“Anytime you lose any level of representation it’s not going to be good for our city,” Alvarado said. “The people here are utilizing resources — they’re driving on the roads and paying into the tax system — so they need to be counted when it’s time to divvy up the resources.”
But Edward Blum, director of the conservative Project on Fair Representation based in Virginia, who assisted in the Evenwel case supporting redistricting by citizenship, said such redistricting is the fairest way even if either party could be hurt in specific cases.
“Regardless of the partisan outcomes,” he said, “using citizenship instead of total population in redistricting will further the goal of electoral equality.” Blum called Thursday’s Supreme Court ruling “perhaps only a temporary setback.”
In Kansas, where its then-Secretary of State Kris Kobach was part of the 2017 Trump administration discussions on the citizenship question, the most vulnerable district is a Republican one around Dodge City where immigrants have been drawn to jobs in meatpacking plants.
The state Senate district that stands to benefit most, with the largest voting-age citizen population, is a Democratic one centered on Kansas State University in Manhattan.
Tom Hawk, the Democratic state senator for the Manhattan area, said he considers the views of conservative farmers and those of military personnel at Fort Riley as much as he does the views of liberal-leaning university students and professors.
“I’m morally obligated to represent people who don’t vote and even people who don’t agree with me,” Hawk said.
In Florida, the state Senate district with the most to lose — around Hialeah, a city north of Miami known as a magnet for new Cuban immigrants — is Republican.
Overall, Democrats hold the state senate districts most likely to lose power in 36 states. But Democrats also hold the districts most likely to benefit in 35 states — mostly because those are liberal but expensive areas with relatively small populations of new immigrants and families, such as midtown Manhattan, New York; Portland, Oregon; and San Francisco.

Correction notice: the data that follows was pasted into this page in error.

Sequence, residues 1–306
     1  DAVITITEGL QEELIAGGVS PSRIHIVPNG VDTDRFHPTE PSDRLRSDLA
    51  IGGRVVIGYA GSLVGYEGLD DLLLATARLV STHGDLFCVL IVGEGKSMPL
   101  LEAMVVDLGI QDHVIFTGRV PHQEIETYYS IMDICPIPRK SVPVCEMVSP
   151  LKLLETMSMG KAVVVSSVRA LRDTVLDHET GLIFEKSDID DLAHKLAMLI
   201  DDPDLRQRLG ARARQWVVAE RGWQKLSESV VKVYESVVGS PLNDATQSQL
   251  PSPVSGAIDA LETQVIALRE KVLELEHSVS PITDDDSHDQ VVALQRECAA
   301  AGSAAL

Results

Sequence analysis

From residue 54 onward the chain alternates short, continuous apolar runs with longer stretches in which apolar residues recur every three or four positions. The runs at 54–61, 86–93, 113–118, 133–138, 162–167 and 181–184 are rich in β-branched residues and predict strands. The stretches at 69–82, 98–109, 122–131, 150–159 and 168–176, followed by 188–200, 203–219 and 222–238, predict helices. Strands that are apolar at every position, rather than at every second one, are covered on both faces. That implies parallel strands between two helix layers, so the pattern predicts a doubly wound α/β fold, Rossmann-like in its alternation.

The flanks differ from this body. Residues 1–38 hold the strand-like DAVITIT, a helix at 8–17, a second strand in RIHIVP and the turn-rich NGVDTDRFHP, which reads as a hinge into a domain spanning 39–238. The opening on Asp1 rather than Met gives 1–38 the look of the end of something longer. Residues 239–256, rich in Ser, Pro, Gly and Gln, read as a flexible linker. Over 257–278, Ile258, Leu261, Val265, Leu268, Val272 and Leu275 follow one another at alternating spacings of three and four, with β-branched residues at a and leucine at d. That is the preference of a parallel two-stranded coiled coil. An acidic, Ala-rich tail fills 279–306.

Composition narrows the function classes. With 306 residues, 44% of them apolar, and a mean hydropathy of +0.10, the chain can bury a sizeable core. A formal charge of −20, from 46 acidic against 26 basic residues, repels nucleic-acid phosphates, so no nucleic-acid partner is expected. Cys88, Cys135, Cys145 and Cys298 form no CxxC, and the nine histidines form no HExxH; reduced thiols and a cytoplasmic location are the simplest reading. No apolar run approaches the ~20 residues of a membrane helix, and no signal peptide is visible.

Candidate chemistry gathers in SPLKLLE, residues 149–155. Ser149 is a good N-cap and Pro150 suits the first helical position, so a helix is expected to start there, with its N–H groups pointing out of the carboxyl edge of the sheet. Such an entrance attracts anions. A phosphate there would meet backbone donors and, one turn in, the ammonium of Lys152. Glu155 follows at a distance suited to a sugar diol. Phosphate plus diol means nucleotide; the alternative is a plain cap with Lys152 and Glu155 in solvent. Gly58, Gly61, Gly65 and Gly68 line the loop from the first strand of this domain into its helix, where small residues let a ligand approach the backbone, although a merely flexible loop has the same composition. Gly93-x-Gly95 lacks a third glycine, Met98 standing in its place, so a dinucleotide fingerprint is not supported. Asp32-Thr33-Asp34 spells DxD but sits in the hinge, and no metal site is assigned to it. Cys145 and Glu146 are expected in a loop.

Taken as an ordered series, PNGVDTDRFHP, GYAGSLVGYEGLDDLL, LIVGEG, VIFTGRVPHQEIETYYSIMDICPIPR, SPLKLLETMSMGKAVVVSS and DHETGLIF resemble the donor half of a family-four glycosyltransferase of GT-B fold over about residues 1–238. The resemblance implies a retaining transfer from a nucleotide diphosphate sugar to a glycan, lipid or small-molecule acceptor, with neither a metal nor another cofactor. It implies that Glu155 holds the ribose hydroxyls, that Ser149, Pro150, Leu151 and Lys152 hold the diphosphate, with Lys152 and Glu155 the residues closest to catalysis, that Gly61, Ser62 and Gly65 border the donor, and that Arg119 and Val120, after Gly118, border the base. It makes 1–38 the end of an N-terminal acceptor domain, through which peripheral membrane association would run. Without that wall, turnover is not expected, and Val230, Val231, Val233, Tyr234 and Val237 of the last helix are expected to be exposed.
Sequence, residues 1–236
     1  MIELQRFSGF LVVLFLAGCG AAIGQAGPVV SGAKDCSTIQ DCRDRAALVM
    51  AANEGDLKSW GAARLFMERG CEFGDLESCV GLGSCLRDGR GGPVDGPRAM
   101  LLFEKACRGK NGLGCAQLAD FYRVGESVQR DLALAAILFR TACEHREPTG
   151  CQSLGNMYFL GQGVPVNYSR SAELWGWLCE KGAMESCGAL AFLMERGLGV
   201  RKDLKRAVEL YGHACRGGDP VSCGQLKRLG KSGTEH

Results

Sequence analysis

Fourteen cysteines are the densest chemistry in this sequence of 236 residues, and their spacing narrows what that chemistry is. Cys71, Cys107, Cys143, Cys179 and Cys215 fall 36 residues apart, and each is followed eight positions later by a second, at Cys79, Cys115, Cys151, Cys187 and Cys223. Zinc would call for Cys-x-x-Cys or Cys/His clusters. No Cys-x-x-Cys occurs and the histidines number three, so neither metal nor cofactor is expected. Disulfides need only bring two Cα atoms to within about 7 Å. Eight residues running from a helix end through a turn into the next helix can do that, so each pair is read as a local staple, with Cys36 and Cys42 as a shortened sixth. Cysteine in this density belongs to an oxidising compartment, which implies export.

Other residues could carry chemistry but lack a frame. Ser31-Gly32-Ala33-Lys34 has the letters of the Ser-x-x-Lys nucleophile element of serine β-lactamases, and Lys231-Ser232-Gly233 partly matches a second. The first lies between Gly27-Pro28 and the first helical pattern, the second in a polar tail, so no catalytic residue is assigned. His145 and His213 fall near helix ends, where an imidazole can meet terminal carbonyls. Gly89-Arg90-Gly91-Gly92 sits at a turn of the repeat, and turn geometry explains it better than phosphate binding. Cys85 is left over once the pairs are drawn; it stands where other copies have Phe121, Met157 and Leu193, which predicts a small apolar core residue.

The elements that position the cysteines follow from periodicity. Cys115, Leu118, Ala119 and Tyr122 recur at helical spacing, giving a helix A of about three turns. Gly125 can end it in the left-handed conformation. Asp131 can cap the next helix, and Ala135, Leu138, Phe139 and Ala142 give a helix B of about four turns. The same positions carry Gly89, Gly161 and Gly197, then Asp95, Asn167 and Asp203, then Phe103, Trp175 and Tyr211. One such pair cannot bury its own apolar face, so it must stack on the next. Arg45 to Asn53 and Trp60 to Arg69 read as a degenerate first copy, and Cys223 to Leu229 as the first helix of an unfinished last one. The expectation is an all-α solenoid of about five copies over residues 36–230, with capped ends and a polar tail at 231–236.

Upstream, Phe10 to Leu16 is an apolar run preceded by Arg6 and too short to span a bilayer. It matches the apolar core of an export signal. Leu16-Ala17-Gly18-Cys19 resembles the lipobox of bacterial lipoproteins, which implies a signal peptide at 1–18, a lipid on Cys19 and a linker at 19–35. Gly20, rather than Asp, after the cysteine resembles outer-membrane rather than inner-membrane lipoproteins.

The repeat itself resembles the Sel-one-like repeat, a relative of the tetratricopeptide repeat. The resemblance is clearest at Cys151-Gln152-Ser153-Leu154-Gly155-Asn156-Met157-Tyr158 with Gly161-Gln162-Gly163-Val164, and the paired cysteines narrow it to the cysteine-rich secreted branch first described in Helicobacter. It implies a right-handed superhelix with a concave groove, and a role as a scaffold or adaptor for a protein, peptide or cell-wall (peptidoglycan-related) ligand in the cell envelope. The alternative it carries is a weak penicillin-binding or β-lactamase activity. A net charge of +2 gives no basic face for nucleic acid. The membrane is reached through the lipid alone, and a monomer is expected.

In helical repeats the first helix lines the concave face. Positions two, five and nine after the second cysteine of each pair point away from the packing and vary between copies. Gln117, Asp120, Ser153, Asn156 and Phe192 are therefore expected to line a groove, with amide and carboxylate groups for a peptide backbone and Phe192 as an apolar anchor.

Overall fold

States would be hard-pressed to make the change without the results from the census citizenship question, which would provide a detailed count of voting-age citizens to draw new state legislative districts in 2022.
In fact, newly discovered documents penned by a deceased Republican strategist suggest that such redistricting was a prime reason for adding the question.
Factoring out new immigrants and children in legislative districting “would clearly be a disadvantage to the Democrats” and “would be advantageous to Republicans and non-Hispanic whites” but would be impossible without a census question to provide the data, according to private papers of redistricting specialist Thomas Hofeller obtained by the American Civil Liberties Union.
Hofeller was discussing results of a 2015 study of Texas showing that high-immigrant, Democratic-leaning areas like Houston would lose state representation while low-immigrant, more solidly Republican rural areas in the north of the state would gain.
States and cities often have used their own ways of counting people to create local districts. Some states count students at out-of-state colleges as if they were still at home, for example, and several states have moved to count prisoners in their home communities, which often are in Democratic cities, instead of in the more conservative rural areas that host prisons.
“Districting by voting criteria makes it easier to gerrymander,” said Paul Edelman, a Vanderbilt University law professor who studies the issue. “At the same time, I can’t help but be troubled by the huge disparities in eligible voting populations [between districts]. It is hard to believe that the representative is not more influenced by the voting constituency than the total population.”